14 Apr 2011


Residential No Comments

Developer: Lanterra Developments
Architect: Page + Steele Architects Planners Associated with KPMB

This thirty-three storey residential condominium, with retail occupancy on the ground floor, is located at the north-east corner of Bedford Road and Bloor Street in Toronto, close to the campus of the University of Toronto.

It has four levels of subgrade parking with 354 vehicle parking spaces and 236 bicycle parking spaces. There are exclusive use terraces on the fifth, seventh, ninth, eleventh and thirty-first levels, with customized landscaping, from the seventh floor and above. On the second floor, there is a large common area terrace, which is enclosed on three sides by the amenities area.

The walls are founded on strip footings and the columns are founded on spread footings. All footings bear on natural undisturbed soil capable of safely sustaining a pressure of 750 kilopascals (ie. 15,660 pounds or 7.83 tons per square foot). To deal with the vibrations from the Bloor Street subway tunnel, which is in close proximity to the north foundation wall, most of the columns are detailed with special 50 megapascal, reinforced concrete bases, set on vibration isolation pads in formed depressions in the footing pads or caps.

The three framed parking level slabs are 200 mm thick, reinforced concrete flat slabs, for the most part, with 125 mm deep drop panels over the columns, cast with 35 megapascal type “C1” concrete. The ground floor
is framed in a similar manner, however, the slab thickness ranges from
220 mm with 150 mm deep drops, to 300 mm with 150 mm deep drops over 300 mm deep capitals, to satisfy different loading criteria. The second floor framing is comprised of beams to carry shear walls above, with typically 200 mm thick one-way reinforced concrete slabs spanning between the beams. The third floor framing is similar to the second floor with one-way slabs spanning between the shear walls, except in the north-east wing where the reinforced concrete flat plate is 600 mm thick, with 350 mm deep capitals, over the columns, to transfer loads from the shear walls and columns above onto the different grid of the columns below. From the fourth floor up, the floor slabs are typically 200 mm thick one-way reinforced or flat plates spanning between shear walls or columns. To deal with the excessive shear forces that the 35 megapascal concrete, could not sustain, at some of the columns, below the terraces, four rows of paired 15M reinforcing steel stirrups, with a yield strength of 400 megapascals, were placed in the slabs at each of the four sides of the columns.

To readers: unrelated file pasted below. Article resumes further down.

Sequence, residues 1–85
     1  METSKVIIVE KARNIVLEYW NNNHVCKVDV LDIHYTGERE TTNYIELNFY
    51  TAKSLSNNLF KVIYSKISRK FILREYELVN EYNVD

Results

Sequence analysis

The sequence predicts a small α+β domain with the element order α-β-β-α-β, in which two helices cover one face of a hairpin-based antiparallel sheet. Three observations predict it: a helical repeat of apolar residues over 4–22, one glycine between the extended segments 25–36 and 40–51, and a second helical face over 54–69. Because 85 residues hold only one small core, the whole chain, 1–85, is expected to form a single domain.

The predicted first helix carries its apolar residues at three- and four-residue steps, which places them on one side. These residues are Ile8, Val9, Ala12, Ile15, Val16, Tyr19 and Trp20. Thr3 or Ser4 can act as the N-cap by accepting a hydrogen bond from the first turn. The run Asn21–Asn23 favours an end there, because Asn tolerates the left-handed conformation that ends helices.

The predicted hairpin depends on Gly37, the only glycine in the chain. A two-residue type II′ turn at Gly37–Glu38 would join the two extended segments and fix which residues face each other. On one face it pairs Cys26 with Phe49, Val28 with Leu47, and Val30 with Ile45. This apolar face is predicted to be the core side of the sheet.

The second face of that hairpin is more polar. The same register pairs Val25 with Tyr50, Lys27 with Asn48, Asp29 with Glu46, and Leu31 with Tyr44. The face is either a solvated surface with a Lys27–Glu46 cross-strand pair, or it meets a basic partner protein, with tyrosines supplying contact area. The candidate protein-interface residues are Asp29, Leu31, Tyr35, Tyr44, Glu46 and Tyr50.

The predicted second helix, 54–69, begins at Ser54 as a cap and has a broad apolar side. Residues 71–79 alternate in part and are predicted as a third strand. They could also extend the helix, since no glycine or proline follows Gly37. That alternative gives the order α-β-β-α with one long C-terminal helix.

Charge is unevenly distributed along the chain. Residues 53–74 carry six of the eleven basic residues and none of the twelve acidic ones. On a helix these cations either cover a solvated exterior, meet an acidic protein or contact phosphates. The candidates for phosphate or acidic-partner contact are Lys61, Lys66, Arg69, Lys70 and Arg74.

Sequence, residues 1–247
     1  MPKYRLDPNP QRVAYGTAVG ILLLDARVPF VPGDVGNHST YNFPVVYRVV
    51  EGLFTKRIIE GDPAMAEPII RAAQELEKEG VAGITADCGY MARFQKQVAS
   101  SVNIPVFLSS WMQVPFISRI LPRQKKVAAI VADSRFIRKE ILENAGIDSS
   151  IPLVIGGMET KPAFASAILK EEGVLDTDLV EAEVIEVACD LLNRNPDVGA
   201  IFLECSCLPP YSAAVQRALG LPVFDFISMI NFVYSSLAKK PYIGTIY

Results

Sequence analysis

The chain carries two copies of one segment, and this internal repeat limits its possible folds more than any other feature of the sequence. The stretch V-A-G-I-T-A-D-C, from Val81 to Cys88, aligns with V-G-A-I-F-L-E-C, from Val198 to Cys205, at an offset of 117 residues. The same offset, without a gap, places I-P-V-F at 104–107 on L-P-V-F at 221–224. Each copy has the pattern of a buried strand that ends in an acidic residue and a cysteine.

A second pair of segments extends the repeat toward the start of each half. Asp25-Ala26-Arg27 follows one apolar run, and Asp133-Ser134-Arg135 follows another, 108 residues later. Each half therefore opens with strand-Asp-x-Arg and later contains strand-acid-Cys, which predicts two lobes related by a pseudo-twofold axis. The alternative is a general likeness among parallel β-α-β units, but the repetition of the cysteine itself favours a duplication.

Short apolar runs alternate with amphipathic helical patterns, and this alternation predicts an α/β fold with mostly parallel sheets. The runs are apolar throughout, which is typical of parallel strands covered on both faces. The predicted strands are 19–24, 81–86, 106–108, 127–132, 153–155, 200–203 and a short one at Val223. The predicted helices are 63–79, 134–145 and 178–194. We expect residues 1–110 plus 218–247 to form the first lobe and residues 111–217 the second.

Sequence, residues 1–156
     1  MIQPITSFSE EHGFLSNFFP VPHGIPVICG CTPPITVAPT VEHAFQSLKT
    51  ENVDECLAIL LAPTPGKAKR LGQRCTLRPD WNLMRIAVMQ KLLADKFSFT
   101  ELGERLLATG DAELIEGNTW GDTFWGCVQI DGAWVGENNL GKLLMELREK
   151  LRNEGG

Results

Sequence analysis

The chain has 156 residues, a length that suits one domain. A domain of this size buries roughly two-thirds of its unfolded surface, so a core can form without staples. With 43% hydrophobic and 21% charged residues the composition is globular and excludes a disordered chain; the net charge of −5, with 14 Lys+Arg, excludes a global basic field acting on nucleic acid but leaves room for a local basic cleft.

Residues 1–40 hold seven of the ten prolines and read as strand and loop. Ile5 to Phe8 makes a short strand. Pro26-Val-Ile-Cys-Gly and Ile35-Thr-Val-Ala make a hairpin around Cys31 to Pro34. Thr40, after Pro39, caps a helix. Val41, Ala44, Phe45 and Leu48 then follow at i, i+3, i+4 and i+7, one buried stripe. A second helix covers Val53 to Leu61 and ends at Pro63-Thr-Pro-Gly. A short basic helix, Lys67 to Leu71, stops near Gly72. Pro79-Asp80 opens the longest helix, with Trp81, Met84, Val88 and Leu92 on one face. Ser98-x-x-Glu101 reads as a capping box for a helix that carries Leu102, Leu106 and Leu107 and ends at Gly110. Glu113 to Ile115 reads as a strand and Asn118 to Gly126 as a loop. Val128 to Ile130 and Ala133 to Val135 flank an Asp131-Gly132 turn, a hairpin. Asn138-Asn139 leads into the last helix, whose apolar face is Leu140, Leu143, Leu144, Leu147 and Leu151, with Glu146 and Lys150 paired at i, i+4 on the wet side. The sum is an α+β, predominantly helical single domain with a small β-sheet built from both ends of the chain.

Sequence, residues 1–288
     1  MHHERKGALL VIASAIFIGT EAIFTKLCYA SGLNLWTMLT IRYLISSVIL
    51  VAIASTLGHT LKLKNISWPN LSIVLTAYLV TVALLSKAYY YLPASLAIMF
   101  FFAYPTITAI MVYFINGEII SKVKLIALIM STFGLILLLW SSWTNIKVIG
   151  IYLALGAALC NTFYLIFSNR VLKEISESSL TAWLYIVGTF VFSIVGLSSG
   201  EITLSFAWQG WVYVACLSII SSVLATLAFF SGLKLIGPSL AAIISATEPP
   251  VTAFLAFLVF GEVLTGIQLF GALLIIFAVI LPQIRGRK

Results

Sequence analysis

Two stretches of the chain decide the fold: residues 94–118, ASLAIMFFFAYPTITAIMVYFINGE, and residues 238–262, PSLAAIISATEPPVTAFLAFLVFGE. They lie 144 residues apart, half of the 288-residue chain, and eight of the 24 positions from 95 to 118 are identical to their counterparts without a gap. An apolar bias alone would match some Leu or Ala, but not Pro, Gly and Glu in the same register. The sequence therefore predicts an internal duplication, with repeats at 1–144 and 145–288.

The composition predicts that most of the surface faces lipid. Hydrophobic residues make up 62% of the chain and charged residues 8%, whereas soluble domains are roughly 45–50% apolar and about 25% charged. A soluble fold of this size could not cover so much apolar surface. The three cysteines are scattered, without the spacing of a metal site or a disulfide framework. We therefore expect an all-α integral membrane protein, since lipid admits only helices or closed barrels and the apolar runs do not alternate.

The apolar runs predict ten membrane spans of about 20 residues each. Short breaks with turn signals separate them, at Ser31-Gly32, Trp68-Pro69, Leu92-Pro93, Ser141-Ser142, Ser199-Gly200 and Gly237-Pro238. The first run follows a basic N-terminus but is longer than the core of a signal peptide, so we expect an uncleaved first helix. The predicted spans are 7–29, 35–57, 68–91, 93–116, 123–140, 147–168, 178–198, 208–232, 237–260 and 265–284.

Lateral forces, resulting from wind or seismic affects, are resisted by the interaction of the central core, containing three elevator shafts, mechanical shafts, and scissor stairs, with the shear walls.

The specified twenty-eight days strength of the concrete in the columns and walls varies from 50 megapascals below the fourth floor, down in 5 megapascal increments to 30 megapascals above the twenty-fourth floor.